Ces magnifiques caractéristiques allient un style vintage avec un micro Chevalet Tele® vintage et une très fine couche de vernis nitrocellulose, tout cela avec un style plus moderne avec un micro manche Mini HB Seymour Duncan® Vintage, un manche plus fin avec un radius plus plat ainsi qu’un vernis satiné et sans oublier des Frettes Medium Jumbo. Regardez, écoutez et ressentez à la fois ce subtil mélange de sensations vintages et modernes.

CORPS en Frêne sélectionné
MANCHE Erable 1 Pièce, profil “U”, vernis satiné à l’arrière
TOUCHE Erable, 9.5” radius (241 mm)
CHEVALET : Vintage Style Tele Bridge with three Compensated Brass Saddles
PLAQUE 1-Pli Noire
MICROS Custom Vintage Tele® (chevalet), Seymour Duncan®
Vintage Mini HB (manche)
CÂBLAGE MICROS : 3-Position Blade
Position 1. Bridge Pickup,
Position 2. Bridge and Neck Pickup,
Position 3. Neck Pickup

Fender 52 Ri Telecaster

Fender American Vintage ’52 Telecaster

 

The latest production reissue of a rock’n’roll icon…

Guitarist

 

Despite being well over half a century old now, for many players, the Telecaster will always represent the pinnacle of electric guitar design.

 

With an arguably less flashy, more workmanlike image than the curvaceous lines of the Stratocaster, and a raunchier set of basic tones, it’s also one of the few electric guitars that excels in virtually every musical setting imaginable, barring perhaps extreme metal, without fitting new pickups.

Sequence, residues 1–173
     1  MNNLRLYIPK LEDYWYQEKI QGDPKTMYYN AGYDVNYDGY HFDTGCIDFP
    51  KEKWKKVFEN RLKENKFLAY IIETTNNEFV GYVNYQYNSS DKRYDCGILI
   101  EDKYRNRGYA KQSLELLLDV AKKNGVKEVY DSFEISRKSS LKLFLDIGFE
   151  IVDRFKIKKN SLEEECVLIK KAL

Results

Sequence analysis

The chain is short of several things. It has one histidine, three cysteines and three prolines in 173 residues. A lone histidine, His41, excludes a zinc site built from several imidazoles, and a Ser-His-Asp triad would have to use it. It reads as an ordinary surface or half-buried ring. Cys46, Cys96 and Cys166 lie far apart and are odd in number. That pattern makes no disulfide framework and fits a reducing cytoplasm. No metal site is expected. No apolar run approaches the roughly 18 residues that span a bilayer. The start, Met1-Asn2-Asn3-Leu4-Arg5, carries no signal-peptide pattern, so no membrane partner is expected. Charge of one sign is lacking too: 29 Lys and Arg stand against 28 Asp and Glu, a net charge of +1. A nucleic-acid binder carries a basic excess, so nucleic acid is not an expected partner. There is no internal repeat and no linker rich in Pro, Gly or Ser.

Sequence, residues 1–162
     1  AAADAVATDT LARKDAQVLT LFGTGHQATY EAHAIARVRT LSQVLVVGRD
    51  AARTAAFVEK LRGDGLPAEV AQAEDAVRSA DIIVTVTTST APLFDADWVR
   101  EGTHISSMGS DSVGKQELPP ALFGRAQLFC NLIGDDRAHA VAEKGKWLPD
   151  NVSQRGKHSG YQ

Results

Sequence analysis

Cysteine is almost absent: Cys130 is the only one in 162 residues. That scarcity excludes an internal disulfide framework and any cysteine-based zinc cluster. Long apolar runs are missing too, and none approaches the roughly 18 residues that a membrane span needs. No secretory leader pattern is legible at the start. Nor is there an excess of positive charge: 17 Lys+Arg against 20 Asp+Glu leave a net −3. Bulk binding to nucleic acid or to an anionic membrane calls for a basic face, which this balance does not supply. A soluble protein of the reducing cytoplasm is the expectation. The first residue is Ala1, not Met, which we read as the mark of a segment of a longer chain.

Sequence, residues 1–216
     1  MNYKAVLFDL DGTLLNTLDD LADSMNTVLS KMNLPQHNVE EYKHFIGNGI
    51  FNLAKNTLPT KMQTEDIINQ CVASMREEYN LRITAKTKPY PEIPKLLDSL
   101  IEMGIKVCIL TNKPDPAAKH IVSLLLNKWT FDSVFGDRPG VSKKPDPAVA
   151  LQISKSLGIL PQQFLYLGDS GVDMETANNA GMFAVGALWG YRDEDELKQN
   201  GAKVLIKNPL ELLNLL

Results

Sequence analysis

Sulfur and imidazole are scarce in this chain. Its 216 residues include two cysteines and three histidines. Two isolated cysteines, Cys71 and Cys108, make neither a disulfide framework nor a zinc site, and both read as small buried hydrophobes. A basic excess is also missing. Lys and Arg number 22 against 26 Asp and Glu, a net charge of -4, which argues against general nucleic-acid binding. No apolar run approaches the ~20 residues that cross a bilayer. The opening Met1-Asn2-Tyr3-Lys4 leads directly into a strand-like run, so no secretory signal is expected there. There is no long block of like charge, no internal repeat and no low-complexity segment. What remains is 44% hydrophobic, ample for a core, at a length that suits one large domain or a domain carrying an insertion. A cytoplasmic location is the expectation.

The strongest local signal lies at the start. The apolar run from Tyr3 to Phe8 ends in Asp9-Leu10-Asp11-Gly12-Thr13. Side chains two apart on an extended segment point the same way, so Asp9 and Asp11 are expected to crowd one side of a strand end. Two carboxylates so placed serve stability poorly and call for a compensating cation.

From the Squier Affinity range, right up to the Custom Shop Time Machine models, Fender makes a Tele for every pocket. As you might expect, the American Vintage ’52 Tele is largely a slavish reproduction of the guitar that started it all.

 

Fender tries to ensure that each guitar in its American Vintage series feels like a special package. On flipping open the catches on the attractive tweed case, apart from the fruity aroma of nitrocellulose and the plush orange of the case interior, we are greeted by a generous complement of ‘case candy’. Along with the guitar itself, you get an assortment of goodies.

 

A rather short leather strap of US origin, guitar care kit and a vintage style lead are accompanied by, in this case, a slightly ill-fitting ashtray bridge cover, a modern six-saddle replacement bridge and a capacitor and wiring diagram for converting the guitar to a more modern specification… but more on that later.